That’s on an individual level. When we see denials of racism, even when it doesn’t involve us, we’re looking at an extension of the individual problem. Essentially, if our society is racist, it implicates us as racist, but what’s more, it also implies that some people are benefiting from racism at the cost of other people. Or, some people have an advantage just because they are a certain race. Acknowledging this to be true would mean that society is unjust. If you acknowledge that society is unjust, you also acknowledge that you benefited or were oppressed by this system. The oppressed often have no problem pointing to the injustices of the system. However, if you benefited, then you have to admit that, in part, some of where you are today was because it was easier for you to get there by no actual effort of your own. You were just born lucky. And we live in a society where the mythos of “pulling yourself up by your bootstraps” is embedded deep within us and so we want to believe that we all entirely and exclusive earn what we have or are given what we have at no expense to another.

We, if we stand to be the beneficiaries of injustice, fear the accusation of unjust society because it says that we didn’t entirely earn it ourselves, but built it upon the backs of others.

All the evidence in the world points to the fact that we live in an unjust society. I’m not in my cushy office job just because I worked hard for it. I was born lucky, into the right neighborhood, the right family, the right race, the right sex, and the right social class. That doesn’t diminish that I actually did work hard, but it means that my family had the money, through no effort of my own, to live in the neighborhood zoned to a decent school, to pay for my exams and exam tutorials, to get me to college and so forth. Were I born differently, I might be unable to be where I am today.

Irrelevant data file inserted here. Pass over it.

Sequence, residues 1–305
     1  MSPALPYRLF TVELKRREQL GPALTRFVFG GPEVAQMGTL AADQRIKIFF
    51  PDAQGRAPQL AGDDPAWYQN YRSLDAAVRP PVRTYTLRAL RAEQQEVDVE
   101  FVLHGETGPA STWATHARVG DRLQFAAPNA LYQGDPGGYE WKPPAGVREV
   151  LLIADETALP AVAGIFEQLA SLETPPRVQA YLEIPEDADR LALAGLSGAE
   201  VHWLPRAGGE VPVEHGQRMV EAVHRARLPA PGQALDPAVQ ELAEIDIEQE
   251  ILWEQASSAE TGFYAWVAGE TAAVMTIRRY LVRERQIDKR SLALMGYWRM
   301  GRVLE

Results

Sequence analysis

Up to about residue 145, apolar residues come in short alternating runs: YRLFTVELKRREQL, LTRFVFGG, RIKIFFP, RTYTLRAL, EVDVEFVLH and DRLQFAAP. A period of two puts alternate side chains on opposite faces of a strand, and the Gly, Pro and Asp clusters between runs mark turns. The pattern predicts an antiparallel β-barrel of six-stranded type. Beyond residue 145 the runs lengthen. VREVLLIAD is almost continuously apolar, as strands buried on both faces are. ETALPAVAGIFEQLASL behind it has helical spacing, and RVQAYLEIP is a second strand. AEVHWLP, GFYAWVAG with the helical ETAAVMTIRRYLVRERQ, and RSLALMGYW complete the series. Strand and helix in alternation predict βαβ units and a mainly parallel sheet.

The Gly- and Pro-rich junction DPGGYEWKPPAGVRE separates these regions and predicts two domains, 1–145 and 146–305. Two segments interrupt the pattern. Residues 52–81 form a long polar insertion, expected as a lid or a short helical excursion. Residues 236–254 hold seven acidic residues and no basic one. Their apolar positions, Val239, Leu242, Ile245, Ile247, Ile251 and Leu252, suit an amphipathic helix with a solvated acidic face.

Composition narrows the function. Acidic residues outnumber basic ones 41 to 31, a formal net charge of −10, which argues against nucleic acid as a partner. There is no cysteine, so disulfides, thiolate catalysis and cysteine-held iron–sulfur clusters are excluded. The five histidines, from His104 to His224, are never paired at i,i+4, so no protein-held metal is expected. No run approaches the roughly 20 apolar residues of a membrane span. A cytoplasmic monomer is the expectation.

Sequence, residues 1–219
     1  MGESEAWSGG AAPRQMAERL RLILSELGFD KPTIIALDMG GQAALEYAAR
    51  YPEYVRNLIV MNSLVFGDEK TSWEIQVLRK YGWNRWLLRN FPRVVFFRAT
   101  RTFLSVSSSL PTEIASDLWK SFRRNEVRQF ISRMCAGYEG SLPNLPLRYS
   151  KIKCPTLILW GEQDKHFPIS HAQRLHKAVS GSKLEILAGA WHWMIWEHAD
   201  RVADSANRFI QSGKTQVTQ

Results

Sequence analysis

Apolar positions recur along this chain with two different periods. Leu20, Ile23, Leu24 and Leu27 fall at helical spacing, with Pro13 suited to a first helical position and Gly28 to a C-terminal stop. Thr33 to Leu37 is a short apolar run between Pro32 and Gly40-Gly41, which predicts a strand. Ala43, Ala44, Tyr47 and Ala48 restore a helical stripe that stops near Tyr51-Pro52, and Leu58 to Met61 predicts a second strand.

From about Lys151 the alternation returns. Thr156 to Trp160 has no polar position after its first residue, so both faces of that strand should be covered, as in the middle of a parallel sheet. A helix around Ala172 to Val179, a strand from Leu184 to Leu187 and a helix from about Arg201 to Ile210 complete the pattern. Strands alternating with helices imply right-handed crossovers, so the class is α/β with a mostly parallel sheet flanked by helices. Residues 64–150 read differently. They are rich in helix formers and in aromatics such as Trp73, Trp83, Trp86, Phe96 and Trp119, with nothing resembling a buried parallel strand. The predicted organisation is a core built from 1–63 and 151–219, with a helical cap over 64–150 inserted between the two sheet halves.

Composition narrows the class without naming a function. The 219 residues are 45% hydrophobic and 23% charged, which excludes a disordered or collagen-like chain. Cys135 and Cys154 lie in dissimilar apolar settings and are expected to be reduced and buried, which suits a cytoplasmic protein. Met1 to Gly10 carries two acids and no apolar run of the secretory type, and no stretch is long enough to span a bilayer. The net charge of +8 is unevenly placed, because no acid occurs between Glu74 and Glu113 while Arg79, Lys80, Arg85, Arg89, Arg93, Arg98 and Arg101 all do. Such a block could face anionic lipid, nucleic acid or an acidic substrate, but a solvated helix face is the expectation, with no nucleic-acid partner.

What does this have to do with dating? It means that because of my race, and with the exception of wonderfully open black women, I have less of a chance at first impression with women than white men through no fault of my own. And those very wonderfully open black women, they get the shaft from everyone. Is this just? No. Is this good? No. Is this factual? Yes.

So I guess the old saying is true, “All is fair in love and war.” Fortunately, racism and dating is self-selecting. I probably wouldn’t want to date the women that wouldn’t want to date me to begin with.

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Racialicious is a blog about the intersection of race and pop culture. Check out our daily updates on the latest celebrity gaffes, our no-holds-barred critique of questionable media representations, and of course, the inevitable Keanu Reeves John Cho newsflashes.

Latoya Peterson (DC) is the Owner and Editor (not the Founder!) of Racialicious, Arturo García (San Diego) is the Managing Editor, Andrea Plaid (NYC) is the Associate Editor. You can email us at team@racialicious.com.